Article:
Now more than ever, we need opposition against scientific racism from within science. It can’t be left up to religious organizations and leftist political parties to put pressure on the racists. We as scientists have a moral obligation to stand up against racist, cherry-picked, divisive science. The language used to perpetrate racist science has become more sophisticated and covert. This makes it more palatable to the public but it needs to be exposed for what it is- unacceptable- and those that continue to paint up racist ideology as science are not welcome. In 128 pages, Marks is able to put the scientific community on blast. This is an important read for anyone, but maybe most importantly, other scientists. I highly recommend this book!

  1. I understand that this is an oversimplification but I think it fair to say that white supremacists put themselves in opposition to what we think of as ideal American values and the values of most Americans.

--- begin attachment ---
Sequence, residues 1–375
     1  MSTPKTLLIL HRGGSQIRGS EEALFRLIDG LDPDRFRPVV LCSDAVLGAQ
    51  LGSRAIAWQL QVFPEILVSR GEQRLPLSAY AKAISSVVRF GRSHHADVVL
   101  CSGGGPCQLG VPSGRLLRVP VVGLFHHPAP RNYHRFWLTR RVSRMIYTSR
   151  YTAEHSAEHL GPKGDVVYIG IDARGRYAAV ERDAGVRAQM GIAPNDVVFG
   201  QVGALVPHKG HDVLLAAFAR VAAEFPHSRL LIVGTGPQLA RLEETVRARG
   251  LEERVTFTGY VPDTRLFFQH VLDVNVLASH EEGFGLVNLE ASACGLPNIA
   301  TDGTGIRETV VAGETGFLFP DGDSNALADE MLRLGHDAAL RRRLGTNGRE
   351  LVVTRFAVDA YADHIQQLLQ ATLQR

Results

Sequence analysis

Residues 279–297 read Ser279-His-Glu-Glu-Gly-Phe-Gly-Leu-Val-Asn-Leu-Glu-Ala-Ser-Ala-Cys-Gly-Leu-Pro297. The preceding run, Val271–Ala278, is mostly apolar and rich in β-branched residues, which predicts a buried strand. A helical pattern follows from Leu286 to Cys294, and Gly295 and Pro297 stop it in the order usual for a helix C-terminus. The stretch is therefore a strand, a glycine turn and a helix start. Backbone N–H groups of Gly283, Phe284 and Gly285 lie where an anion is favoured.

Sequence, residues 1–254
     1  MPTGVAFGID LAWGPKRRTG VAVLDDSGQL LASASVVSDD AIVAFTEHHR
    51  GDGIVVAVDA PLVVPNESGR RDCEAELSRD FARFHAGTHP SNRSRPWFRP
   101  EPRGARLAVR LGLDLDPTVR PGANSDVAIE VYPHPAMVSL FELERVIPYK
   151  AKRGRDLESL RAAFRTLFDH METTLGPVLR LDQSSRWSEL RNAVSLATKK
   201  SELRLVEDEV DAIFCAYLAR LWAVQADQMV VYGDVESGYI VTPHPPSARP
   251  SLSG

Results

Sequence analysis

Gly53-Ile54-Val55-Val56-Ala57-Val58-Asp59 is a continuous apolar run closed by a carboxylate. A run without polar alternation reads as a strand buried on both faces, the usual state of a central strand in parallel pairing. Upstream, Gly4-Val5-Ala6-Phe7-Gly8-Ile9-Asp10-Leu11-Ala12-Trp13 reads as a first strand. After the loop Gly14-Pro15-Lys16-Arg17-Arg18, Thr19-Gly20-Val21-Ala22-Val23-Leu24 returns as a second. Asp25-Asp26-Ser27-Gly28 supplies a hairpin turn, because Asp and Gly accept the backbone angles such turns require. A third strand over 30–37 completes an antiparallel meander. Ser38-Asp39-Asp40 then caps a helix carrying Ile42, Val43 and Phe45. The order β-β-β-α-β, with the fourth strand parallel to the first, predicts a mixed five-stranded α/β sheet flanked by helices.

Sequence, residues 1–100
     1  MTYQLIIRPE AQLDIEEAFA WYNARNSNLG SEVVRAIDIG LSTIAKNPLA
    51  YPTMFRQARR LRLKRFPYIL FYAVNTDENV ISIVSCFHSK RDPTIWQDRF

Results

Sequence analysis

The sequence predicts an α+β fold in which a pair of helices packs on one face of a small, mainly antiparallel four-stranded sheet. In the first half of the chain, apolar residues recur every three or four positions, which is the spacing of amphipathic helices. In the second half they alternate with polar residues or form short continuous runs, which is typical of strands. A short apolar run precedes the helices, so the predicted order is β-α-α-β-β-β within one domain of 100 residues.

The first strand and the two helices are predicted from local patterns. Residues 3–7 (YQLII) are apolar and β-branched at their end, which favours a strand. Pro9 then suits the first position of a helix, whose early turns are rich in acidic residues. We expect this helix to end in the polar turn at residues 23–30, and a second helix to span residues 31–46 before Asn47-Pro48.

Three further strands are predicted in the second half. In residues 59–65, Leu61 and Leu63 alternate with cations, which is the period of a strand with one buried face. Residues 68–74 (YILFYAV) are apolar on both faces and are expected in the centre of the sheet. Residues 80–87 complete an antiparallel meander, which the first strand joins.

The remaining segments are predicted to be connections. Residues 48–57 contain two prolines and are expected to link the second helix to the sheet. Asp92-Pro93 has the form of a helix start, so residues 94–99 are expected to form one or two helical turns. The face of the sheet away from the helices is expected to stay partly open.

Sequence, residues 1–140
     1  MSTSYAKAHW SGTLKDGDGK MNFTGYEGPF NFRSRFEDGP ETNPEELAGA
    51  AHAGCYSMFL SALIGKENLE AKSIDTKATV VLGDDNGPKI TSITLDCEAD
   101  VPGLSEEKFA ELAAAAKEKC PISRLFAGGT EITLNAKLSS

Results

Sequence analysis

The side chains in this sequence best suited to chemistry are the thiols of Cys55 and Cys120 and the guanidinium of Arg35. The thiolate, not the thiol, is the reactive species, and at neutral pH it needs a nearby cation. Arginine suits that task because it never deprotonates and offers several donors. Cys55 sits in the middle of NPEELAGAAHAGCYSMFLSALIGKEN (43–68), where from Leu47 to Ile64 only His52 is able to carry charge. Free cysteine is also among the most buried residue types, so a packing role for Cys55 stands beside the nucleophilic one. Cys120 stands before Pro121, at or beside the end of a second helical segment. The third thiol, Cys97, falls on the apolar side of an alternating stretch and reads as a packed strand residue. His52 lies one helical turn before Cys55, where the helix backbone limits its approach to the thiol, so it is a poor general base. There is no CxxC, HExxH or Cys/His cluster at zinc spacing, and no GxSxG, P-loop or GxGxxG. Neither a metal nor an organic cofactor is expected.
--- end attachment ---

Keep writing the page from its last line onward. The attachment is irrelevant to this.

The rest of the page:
2. Was this a shocker?
  3. Pages 28-29.
  4. Both from page 16.
  5. Whatever that is?!
  6. Page 3.
  7. Page 122.

Disclaimer: Dr. Jonathan Marks was my thesis advisor and an inspiration for why I study what I do today. I am forever indebted to the guidance he offered me while studying under him. That being said, I am reviewing this book as I do any other.